The applicable court rule is now MCR 3.977(I)(1).
On appeal in this case, the thrust of respondent's allegations pertain to her claim that her consent to termination of her parental rights was not knowing and voluntary. In making this argument, respondent attempts to place responsibility on the trial court for her decision to give consent to the termination of her parental rights, alleging that she only did so because the trial court had informed her at the August 10, 2018 hearing on respondent's motion seeking a substitution of counsel that termination of her parental rights was essentially inevitable.
In the context of the adjudicative trial portion of termination of parental rights proceedings, MCR 3.971, provides, in pertinent part, as follows:
While respondent's argument does not pertain to the adjudicative portion of the lower court proceedings, we nonetheless conclude that MCR 3.971 is of utility in our analysis of this issue.
(C) Voluntary, Accurate Plea.
(1) Voluntary Plea. The court shall not accept a plea of admission or of no contest without satisfying itself that the plea is knowingly, understandingly, and voluntarily made.
See also In re Burns, 236 Mich App 291, 292; 599 NW2d 783 (1999) (recognizing that in an action pursuant to the Adoption Code, MCL 710.21 et seq., an individual's release of parental rights must be knowing and voluntary).
Similarly, in the context of criminal proceedings, the Michigan Supreme Court has recognized that, to satisfy constitutional protections provided by the Due Process Clause of the Fourteenth Amendment, a plea is required to be "voluntary and knowing." People v Cole, 491 Mich 325, 333; 817 NW2d 497 (2012). The Court will consider a plea voluntary and knowing if it represents a voluntary and informed choice concerning the alternate choices available to the individual. Id. In discerning whether a plea is made in a voluntary manner, the Court must decide whether the plea was entered by one "'fully aware of the direct consequences of the plea.'" Id., quoting Brady v United States, 397 US 742, 755; 90 S Ct 1463; 25 L Ed 2d 747 (1970).
In the present case, when the trial court convened for the termination hearing scheduled to be held on October 2, 2018, it noted immediately on the record that respondent wanted to consent to the termination of her parental rights:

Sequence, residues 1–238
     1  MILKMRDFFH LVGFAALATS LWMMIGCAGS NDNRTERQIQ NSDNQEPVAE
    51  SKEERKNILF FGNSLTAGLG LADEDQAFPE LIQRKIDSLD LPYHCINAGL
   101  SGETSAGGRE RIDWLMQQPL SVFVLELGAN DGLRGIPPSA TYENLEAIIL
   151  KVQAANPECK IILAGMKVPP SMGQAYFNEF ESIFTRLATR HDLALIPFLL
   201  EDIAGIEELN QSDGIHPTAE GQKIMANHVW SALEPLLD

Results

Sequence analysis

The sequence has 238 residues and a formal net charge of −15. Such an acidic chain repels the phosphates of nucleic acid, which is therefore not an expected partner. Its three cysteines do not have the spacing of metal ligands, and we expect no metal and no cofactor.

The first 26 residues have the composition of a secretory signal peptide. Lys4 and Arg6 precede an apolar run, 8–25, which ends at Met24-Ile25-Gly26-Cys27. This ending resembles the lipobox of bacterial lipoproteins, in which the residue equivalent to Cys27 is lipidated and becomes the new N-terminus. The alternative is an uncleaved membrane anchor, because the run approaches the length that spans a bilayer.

The Court. And we were scheduled today for a termination hearing on mother and father out of the box but I understand Ms. Kirkpatrick your client would like to consent to the termination language, is that accurate?
Ms. Kirkpatrick (respondent's counsel). It is Your Honor. And to that on to [sic] my client has signed a consent to termination of her parental rights this morning in my presence.
The Court. Okay.
Ms. Kirkpatrick (respondent's counsel) And we have submitted that copy to the Court.
The Court. I do have it. All right. Thank you. That's your understanding as well Ms. Gleason?
Ms. Gleason (Guardian Ad-Litem). That is.
The Court. All right. So [respondent], go ahead and raise your right hand please so I can ask you some questions. Do you swear or affirm that the testimony you are about to give is the truth, the whole truth and nothing but the truth so help you God?
Respondent. Yes I do Your Honor.
* * *
The Court. Okay. We are scheduled today for a termination hearing so we've got the entire day scheduled. You do not want a trial, is that true?
Respondent. No, I've had some time to think since our last Court date and this has been too much. It's made me mentally worse. I haven't gotten better, I've gotten worse.
The Court. Okay.
Respondent. This is stressful for my children. [The foster parents] have had the girls since they came home from the hospital. They were just sick and [SC] didn't even want me to hold her. Like I went to see them in the hospital.
The Court. Okay.
Respondent. She - they are - they do belong to [the foster parents]. Like they've been there, they think they are - the girls think that [the foster parents] are their real parents I'm sure.
The Court. Okay. All right.
Respondent. And [TT], I did want to fight for [TT] but the Prosecuting Attorney is saying that it's all or nothing.
The Court. Okay. Well --
Respondent. So I'm stuck here.
The Court. We've scheduled an entire day for a trial. Are you telling me that you don't want the trial; you would rather do this of your own free will? So the trial would require the Prosecutor to put on witnesses, your attorney to cross-examine those witnesses. Your attorney has the right to put on her own witnesses so that would take the entire day and maybe more, if we could finish today or not. I know we had scheduled termination way back in 2016 and they took it off the table and then we scheduled termination back in August, we got you a new attorney, so it's been a long time. Your children were removed September 27th of 2016, so it's been more than two years. But I need to ask you all of these questions so I want to make sure you don't want your trial today, is that true?